Sources of Teaching Self-Efficacy: A Scale Validation Open Access

Morris, David Brent (2010)

Permanent URL: https://etd.library.emory.edu/concern/etds/5m60qs18v?locale=en
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Abstract

Abstract
Sources of Teaching Self-Efficacy: A Scale Validation
By David B. Morris

The purpose of this study was to validate a scale designed to assess the sources of K-12 teachers' (N = 144) perceptions of efficacy. Four related objectives guided this investigation. First, I explored the psychometric properties of a scale crafted to measure the sources of teaching self-efficacy. Second, I sought to identify the independent contribution of each of the hypothesized sources to self-efficacy. Third, I assessed mean differences in the sources of teaching self-efficacy as a function of teachers' experience and level of education. Fourth, I examined the relationships among teaching self-efficacy, it sources, and teachers' satisfaction, stress, collective efficacy, optimism, authenticity, and invitations. Through analysis of descriptive statistics and factor analysis, I reduced the initial pool of 61 items to an 18-item scale. The retained scale included four subscales corresponding to the four sources hypothesized by Bandura. Social persuasions and physiological and affective states predicted teachers' overall self-efficacy. Teachers who had more than five years of experience reported more positive and less negative mastery experiences and social persuasions than did those with five or less years of experience. The hypothesized sources did not differ as a function of teachers' level of education. Teaching self-efficacy was weakly and often nonsignificantly related to positive psychology constructs (i.e., teachers' authenticity, optimism, and invitations). The four hypothesized sources tended to be moderately associated with these variables. This study represents an encouraging though preliminary step in the measurement of the sources of teachers' self-efficacy.

Sources of Teaching Self-Efficacy: A Scale Validation
By
David B. Morris
B.A., Emory University
M.A.T., Emory University
Advisors: Professors George Engelhard, Jr., Ph.D., and Ellen L. Usher, Ph.D.
An abstract of
A dissertation submitted to the Faculty of the
James T. Laney School of Graduate Studies of Emory University in partial fulfillment of the requirements for the degree of Doctor of Philosophy
in Educational Studies
2010

Table of Contents

TABLE OF CONTENTS
CHAPTER 1: INTRODUCTION...1

Statement of the Problem...2
Purpose of the Study...6
Research Questions...9
Definition of Terms...9
Significance of the Study...13
Limitations and Delimitations...14

CHAPTER 2: REVIEW OF THE LITERATURE...16

Overview of Social Cognitive Theory...16
Teaching Self-Efficacy...19
Theorized Sources of Teaching Self-Efficacy...23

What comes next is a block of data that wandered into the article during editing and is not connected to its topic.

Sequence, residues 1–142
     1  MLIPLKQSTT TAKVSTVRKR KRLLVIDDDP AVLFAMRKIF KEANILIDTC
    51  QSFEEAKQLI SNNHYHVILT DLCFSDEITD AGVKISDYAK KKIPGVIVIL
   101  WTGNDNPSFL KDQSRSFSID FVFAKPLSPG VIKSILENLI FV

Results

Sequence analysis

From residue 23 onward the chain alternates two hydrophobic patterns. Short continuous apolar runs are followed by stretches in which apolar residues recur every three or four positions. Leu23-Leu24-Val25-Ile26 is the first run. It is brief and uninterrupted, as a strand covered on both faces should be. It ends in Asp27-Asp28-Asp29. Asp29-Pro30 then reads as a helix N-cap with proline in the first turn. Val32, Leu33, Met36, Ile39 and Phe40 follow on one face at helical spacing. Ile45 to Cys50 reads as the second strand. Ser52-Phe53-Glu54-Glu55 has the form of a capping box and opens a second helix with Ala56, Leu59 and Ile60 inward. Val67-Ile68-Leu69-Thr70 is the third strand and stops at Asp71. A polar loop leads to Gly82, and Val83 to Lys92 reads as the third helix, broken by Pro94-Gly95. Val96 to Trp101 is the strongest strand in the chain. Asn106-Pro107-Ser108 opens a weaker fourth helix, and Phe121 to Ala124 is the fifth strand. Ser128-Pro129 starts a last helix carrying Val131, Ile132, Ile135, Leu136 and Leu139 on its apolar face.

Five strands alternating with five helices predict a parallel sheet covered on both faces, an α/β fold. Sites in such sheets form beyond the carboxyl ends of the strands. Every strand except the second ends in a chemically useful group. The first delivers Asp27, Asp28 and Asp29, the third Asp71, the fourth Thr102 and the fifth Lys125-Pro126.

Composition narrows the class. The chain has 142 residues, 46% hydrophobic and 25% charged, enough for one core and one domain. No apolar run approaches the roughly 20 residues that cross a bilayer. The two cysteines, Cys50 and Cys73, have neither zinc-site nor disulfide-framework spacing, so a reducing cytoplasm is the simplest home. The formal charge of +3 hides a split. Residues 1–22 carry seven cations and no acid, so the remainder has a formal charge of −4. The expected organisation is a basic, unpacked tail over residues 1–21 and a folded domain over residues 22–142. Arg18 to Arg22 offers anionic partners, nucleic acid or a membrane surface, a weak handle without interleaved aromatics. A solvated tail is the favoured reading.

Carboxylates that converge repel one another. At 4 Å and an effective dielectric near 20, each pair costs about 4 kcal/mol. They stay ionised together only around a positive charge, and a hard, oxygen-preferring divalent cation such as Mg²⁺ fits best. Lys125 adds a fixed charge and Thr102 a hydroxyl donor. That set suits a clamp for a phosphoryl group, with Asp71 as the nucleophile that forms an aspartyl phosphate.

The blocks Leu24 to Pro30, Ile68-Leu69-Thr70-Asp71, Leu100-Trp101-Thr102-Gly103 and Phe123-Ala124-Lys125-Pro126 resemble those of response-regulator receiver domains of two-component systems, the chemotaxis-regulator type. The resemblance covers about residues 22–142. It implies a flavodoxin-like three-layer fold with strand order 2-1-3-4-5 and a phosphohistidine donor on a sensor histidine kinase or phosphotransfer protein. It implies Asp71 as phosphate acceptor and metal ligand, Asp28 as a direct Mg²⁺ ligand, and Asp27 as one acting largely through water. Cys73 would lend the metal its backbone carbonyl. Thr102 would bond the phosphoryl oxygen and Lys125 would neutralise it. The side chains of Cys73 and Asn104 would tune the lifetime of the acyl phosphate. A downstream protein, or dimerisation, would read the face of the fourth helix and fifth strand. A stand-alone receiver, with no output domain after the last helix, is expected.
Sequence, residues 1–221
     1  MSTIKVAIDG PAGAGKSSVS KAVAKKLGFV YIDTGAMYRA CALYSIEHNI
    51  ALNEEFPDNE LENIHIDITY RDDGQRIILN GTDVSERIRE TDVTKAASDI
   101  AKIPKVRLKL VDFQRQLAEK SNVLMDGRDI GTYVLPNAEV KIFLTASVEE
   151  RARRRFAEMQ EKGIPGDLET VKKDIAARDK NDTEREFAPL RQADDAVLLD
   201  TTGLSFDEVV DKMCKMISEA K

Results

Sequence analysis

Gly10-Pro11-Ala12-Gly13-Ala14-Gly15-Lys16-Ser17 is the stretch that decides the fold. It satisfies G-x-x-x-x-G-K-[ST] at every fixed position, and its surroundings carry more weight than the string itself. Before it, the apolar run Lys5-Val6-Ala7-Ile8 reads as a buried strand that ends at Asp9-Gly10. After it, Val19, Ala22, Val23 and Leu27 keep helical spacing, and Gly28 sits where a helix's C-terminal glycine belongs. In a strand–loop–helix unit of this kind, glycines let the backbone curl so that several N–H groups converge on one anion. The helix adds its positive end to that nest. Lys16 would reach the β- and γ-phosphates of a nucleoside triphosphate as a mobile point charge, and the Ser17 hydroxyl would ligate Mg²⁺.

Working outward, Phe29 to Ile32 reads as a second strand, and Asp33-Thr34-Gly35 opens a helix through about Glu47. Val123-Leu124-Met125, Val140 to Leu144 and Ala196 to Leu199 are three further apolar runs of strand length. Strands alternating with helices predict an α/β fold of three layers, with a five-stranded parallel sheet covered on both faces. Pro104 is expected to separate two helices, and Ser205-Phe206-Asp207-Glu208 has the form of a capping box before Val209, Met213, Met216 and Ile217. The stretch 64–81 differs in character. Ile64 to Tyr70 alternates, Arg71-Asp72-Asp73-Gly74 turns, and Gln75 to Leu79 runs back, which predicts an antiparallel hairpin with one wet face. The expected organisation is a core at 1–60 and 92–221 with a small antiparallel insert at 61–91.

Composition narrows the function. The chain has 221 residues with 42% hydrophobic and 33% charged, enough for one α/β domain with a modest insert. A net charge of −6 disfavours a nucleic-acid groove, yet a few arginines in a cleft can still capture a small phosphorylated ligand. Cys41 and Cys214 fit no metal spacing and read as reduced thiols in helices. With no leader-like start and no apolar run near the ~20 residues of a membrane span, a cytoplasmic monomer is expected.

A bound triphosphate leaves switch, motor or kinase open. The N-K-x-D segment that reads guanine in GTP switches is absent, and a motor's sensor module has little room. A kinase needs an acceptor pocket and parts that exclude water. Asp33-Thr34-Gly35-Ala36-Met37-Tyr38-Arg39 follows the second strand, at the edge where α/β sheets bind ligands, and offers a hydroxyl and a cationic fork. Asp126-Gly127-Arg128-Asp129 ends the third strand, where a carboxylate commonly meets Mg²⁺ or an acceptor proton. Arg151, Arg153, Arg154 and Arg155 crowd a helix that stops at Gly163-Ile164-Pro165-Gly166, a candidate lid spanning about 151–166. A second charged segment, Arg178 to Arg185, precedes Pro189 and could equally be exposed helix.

Research on the Sources of Teaching Self-Efficacy...27

Overview of Research on the Hypothesized Sources...28
Measures of the Sources of Teaching Self-Efficacy...29
Research Findings on the Sources of Teaching Self-Efficacy...40

Related Teacher Motivation Variables...45

Teacher Satisfaction...46
Teacher Stress...47
Collective Teacher Efficacy...48
Optimism...49
Teacher Authenticity...50
Invitations...51

Demographic and Contextual Variables...52

Race and Ethnicity...53
Gender...54
Teaching Experience...56
Level of Education...57
Contextual Variables...58

Synthesis...59

CHAPTER 3: METHODS...63

Research Questions...63
Data Used in the Study...63
Participants and Setting...64
Instrumentation...65

Sources of Teaching Self-Efficacy...65
Teaching Self-Efficacy...66
Teacher Satisfaction...66
Teacher Stress...67
Collective Teacher Efficacy...67
Optimism...67
Teacher Authenticity...68
Invitations of Self and Others...68

Data Analysis...69
Reliability and Validity...74

CHAPTER 4: RESULTS...77

Creation and Analysis of the Sources of Teaching Self-Efficacy Scale...77

Descriptive Statistics...78
Exploratory Factor Analysis...79
Summary...84

Relationships between the Sources and Self-Efficacy...85
Relationships between the Sources and Teacher Education and Experience...86
Correlations with Teacher Motivation Variables...87
Summary...89

CHAPTER 5: DISCUSSION...90

Validity of Sources of Teaching Self-Efficacy Scale...90

Mastery Experiences...90
Vicarious Experiences...93
Social Persuasions...95
Physiological and Affective States...96

Education, Experience, and the Sources of Teaching Self-Efficacy...97
Relationships Among Teacher Motivation Variables...99
Directions for Future Research...100

REFERENCES...106

APPENDIXES...154

APPENDIX A: Survey Used in the Study...152
APPENDIX B: Teacher Survey Items Analyzed in Previous Research...158
APPENDIX C: Teacher Survey Items Not Yet Analyzed...160

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